An ultrasound study of the long posterior sacroiliac ligament in healthy volunteers and in patients with noninflammatory sacroiliac joint pain

Plamen Todorov Todorov, Lili Mekenjan, Rodina Nestorova, Anastas Batalov


Aim: To describe the sonoanatomy of the long posterior sacroiliac ligament (LPSL) in healthy volunteers and to assess by ultrasound the LPSL in patients with noninflammatory sacroiliac joint pain (SIP).

Material and methods: We assessed 64 LPSLs of 32 healthy controls and 40 LPSLs of 40 patients with unilateral noninflammatory SIP and a positive Fortin finger test. LPSLs in both groups were assessed for the presence of alterations in their structure, continuity and echogenicity and their thickness was measured in three predefined points. All patients were examined in prone position following a strict scanning protocol.

Results: Detailed sonoanatomy description and measurement of the LPSL in healthy volunteers are provided (length: 31.32±4.79 mm, width: 8.14±1.28 mm, thickness: 2.05±0.55 mm; 1.64±0.41 mm and 1.51±0.42 mm at the iliac and sacral entheses and in its middle part, respectively). The LPSLs were found to be significantly thicker in the SIP group, with an optimum criterion value of >2.0 mm in its middle part to identify pathologically thickened ligaments. In addition, LPSLs in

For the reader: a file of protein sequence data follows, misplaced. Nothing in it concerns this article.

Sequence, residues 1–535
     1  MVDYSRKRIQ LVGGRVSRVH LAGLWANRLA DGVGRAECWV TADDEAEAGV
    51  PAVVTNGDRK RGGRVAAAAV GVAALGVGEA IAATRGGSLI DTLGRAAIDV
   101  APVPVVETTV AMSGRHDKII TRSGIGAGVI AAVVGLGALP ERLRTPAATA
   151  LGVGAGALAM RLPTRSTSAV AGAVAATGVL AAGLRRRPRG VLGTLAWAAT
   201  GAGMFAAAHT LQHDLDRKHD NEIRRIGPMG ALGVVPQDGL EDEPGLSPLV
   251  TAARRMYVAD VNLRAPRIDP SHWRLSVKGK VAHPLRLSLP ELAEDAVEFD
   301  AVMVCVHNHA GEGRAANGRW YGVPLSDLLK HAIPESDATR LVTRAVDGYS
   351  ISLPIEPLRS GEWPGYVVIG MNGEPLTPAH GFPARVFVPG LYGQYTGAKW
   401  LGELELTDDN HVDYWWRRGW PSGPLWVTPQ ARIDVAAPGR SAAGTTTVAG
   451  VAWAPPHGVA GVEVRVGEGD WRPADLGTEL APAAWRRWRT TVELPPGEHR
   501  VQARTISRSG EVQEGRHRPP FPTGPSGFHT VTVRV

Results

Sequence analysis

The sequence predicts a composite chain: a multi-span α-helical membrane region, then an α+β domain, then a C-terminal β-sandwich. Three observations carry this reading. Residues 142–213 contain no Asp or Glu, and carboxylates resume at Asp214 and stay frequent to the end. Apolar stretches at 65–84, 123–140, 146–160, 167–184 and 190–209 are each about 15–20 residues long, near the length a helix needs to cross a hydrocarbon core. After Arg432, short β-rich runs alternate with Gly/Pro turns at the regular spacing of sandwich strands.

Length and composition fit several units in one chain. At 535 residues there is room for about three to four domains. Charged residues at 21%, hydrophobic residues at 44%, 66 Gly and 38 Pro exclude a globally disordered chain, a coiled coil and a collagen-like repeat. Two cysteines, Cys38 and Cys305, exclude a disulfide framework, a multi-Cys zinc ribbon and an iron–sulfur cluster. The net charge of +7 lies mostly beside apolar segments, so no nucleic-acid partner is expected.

the SIP group presented significantly more often hypoechogenicity/altered fibrillar structure (57.5% vs.16%) and/or periligamentous edema (72.8% vs 28%). The combination of either altered structure or periligamentous edema, with thickening of the
ligament’s body showed the best diagnostic accuracy (sensitivity and specificity 83.9% and 94.7% for the first combination and 100% and 84.6% for the second combination) to identify LPSL pathology in noninflammatory SIP.

Conclusions: LPSL could be assessed by ultrasound and sonopathological lesions could be identified in patients with SIP.


ultrasonography; long posterior sacroiliac ligament; sacroiliac joint

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